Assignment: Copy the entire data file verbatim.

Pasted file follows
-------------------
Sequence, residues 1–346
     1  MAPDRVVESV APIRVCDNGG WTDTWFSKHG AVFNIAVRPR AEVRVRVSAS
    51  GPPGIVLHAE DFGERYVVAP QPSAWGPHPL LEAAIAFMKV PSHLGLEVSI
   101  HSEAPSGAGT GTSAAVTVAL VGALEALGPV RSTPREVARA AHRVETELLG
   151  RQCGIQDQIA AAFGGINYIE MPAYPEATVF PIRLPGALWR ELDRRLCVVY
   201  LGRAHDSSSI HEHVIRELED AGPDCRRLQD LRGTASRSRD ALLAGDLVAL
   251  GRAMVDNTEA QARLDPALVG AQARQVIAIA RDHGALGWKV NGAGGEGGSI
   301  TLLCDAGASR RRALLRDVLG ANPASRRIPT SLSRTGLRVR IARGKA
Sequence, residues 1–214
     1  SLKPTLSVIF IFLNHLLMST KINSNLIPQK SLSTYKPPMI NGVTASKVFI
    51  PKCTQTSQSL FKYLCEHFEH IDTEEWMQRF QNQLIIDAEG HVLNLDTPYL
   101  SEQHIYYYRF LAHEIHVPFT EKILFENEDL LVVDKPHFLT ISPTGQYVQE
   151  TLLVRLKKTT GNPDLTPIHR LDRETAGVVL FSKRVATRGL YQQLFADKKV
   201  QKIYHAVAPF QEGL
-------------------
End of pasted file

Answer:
Sequence, residues 1–346
     1  MAPDRVVESV APIRVCDNGG WTDTWFSKHG AVFNIAVRPR AEVRVRVSAS
    51  GPPGIVLHAE DFGERYVVAP QPSAWGPHPL LEAAIAFMKV PSHLGLEVSI
   101  HSEAPSGAGT GTSAAVTVAL VGALEALGPV RSTPREVARA AHRVETELLG
   151  RQCGIQDQIA AAFGGINYIE MPAYPEATVF PIRLPGALWR ELDRRLCVVY
   201  LGRAHDSSSI HEHVIRELED AGPDCRRLQD LRGTASRSRD ALLAGDLVAL
   251  GRAMVDNTEA QARLDPALVG AQARQVIAIA RDHGALGWKV NGAGGEGGSI
   301  TLLCDAGASR RRALLRDVLG ANPASRRIPT SLSRTGLRVR IARGKA
Sequence, residues 1–214
     1  SLKPTLSVIF IFLNHLLMST KINSNLIPQK SLSTYKPPMI NGVTASKVFI
    51  PKCTQTSQSL FKYLCEHFEH IDTEEWMQRF QNQLIIDAEG HVLNLDTPYL
   101  SEQHIYYYRF LAHEIHVPFT EKILFENEDL LVVDKPHFLT ISPTGQYVQE
   151  TLLVRLKKTT GNPDLTPIHR LDRETAGVVL FSKRVATRGL YQQLFADKKV
   201  QKIYHAVAPF QEGL